The goal of Minnetonka’s park restoration program is to restore native plant habitats in the city’s woodlands, prairies and wetlands. With the help of contractors, volunteers and city crews, we work to control non-native invasive species and protect native plants, especially those with high value to pollinators, birds and wildlife. We use practices that will help prevent erosion, minimize herbicide use, build the soil and improve water quality. Small scale, volunteer re-planting projects occur annually.
While trees along the road are not owned by the city, we share in the maintenance of trees and branches to ensure safety for traffic and pedestrians.
Visit the “tree maintenance” section of our street maintenance page to learn more.
Submit an online request or call 952-988-8407 to request an inspection of:
- Trees that pose a risk in the right-of-way
- Sightline issues along the street
- Diseased or infested elm, oak or ash trees
The city's tree crew prunes and/or removes trees and shrubs to maintain safety for traffic and pedestrians along public roadways and in parks.
- Trees within six feet of the road edge (curb) are located in the right-of-way. Trees over six inches in diameter are pruned as needed to keep the adjacent roadway safe.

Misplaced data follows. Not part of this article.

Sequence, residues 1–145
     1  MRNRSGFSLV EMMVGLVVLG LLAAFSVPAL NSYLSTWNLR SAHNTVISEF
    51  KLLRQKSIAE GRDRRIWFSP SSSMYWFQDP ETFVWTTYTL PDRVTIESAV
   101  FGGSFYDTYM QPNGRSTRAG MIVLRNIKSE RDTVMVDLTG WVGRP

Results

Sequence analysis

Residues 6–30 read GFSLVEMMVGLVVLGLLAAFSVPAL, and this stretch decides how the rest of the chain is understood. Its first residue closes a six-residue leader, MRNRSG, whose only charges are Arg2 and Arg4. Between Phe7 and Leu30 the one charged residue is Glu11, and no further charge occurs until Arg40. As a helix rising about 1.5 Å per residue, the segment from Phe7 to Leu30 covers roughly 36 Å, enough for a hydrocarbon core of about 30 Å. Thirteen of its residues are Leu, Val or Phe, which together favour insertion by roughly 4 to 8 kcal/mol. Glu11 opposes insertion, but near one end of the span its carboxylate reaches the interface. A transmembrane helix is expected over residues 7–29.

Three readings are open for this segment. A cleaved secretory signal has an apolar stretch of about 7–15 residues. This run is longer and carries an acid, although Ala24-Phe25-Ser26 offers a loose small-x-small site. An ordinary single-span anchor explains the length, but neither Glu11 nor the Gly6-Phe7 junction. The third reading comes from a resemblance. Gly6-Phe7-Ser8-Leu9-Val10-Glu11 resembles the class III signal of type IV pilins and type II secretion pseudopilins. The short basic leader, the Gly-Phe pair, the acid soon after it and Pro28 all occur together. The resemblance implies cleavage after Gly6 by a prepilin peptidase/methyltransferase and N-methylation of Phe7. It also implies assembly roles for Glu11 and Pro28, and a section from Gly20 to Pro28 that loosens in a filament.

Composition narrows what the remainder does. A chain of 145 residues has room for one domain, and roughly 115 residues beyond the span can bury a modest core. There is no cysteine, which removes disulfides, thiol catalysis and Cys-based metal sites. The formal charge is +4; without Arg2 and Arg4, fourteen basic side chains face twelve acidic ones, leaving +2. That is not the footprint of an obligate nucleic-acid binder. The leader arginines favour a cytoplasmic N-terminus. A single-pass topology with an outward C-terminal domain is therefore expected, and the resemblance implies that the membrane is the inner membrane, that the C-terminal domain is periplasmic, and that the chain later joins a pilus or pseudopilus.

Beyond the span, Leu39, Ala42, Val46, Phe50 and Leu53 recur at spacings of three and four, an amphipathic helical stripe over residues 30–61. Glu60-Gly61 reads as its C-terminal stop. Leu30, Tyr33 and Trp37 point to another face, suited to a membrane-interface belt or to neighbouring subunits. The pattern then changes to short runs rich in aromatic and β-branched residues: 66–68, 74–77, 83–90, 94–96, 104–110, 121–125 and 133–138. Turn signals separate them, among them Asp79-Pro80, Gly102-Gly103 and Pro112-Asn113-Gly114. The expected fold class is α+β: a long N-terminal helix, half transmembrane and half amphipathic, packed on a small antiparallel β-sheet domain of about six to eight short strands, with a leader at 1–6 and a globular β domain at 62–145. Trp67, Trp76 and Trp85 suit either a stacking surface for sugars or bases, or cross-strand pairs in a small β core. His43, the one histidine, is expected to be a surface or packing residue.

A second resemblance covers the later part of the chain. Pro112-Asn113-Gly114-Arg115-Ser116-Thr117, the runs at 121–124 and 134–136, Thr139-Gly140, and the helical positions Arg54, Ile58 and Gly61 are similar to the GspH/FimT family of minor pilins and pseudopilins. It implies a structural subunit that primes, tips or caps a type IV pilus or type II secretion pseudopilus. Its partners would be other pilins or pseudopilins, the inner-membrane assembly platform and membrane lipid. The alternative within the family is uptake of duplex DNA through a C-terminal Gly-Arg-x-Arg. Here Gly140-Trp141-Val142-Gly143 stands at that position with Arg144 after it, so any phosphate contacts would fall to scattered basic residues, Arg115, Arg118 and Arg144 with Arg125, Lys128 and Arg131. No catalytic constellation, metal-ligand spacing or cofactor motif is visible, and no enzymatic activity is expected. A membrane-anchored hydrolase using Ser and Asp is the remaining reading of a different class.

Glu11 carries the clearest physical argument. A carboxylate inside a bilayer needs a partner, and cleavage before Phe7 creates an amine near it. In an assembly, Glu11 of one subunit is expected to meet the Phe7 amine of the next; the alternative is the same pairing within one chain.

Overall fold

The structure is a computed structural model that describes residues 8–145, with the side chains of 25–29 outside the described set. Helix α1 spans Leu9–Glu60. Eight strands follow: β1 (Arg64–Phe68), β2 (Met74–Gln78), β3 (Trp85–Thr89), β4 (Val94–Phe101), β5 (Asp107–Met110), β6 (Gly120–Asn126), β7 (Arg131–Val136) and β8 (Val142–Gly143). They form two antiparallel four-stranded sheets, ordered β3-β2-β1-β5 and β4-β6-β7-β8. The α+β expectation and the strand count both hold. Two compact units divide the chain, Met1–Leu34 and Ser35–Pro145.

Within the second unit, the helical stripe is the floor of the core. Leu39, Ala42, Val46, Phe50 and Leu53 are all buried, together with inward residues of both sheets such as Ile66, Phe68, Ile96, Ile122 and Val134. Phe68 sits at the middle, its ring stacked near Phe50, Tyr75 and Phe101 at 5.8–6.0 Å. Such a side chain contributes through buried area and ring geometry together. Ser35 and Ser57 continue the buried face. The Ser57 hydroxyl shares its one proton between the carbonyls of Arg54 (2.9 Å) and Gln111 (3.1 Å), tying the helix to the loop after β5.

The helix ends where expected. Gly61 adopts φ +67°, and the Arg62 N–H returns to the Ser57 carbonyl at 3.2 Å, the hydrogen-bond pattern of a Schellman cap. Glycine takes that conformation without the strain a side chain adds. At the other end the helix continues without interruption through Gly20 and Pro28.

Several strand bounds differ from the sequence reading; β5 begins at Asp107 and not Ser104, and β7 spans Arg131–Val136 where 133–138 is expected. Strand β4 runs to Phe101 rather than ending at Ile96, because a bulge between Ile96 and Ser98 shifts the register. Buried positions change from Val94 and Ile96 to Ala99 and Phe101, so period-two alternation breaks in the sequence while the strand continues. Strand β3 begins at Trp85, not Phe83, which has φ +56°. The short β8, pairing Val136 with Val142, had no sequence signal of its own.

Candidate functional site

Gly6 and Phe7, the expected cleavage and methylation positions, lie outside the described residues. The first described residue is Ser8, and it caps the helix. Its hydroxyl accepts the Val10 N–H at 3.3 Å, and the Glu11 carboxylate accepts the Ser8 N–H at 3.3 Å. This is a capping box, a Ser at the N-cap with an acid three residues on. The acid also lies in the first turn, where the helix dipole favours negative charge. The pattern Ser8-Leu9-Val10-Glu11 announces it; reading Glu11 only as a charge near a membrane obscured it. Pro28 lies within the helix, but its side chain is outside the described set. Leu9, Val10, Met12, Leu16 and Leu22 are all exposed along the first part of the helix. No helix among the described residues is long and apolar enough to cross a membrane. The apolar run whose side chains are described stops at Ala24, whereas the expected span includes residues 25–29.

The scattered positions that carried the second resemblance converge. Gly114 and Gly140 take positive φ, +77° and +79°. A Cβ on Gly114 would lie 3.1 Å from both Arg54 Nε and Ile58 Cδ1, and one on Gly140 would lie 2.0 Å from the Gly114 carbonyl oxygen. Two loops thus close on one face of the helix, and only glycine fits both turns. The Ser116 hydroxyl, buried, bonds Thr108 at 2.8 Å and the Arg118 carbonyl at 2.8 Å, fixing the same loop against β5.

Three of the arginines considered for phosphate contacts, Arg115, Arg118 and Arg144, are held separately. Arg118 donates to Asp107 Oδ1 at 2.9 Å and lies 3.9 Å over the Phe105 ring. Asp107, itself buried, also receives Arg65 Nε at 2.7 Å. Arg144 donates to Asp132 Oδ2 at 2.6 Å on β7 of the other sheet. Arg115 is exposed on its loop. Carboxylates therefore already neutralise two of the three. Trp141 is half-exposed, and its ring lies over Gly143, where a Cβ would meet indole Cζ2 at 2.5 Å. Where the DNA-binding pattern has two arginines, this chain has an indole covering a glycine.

- Woody shrubs and trees six inches in diameter and smaller are removed within six feet of the road edge to avoid sightline issues.
- Trees are pruned to provide 18-20 feet of clearance over the road surface. This prevents branches from ripping when tall vehicles such as plows, street sweepers, and school buses pass by.
- The City of Minnetonka has an ordinance (845.010) that requires vegetation on corners to be maintained at a two-and-a-half foot maximum height for safety reasons. The corner is defined as 25 feet in each direction on intersecting streets, and everything included in the enclosed triangle.
- Evergreens (pines, spruce, arborvitaes, etc.) and formal hedges pose special challenges for pruning. Evergreens grow symmetrically and do not respond well to one-sided pruning. Hedges generally need to be trimmed one or two times each year to maintain aesthetics. The city intends to trim each area once every 10 years. For this reason, we ask for your assistance in:
- Maintaining hedges and existing evergreens at least six feet behind the edge of the road.
- Not planting evergreens within 20 feet of the road edge
The city’s plant pest program manages tree diseases such as Dutch elm disease and oak wilt on private and public property in order to prevent epidemic-level outbreaks. The program also actively prepares for emerging or new threats to the community forest, including emerald ash borer.
Natural resources staff provide consultation and inspection services to residents to diagnose and verify if a tree has Dutch elm disease, oak wilt or emerald ash borer. Our tree inspectors also scout the city by street in summer.
Call the forestry office at 952-988-8407 (between June 1–Sept. 1) if you suspect a tree has been affected by any of the following pests: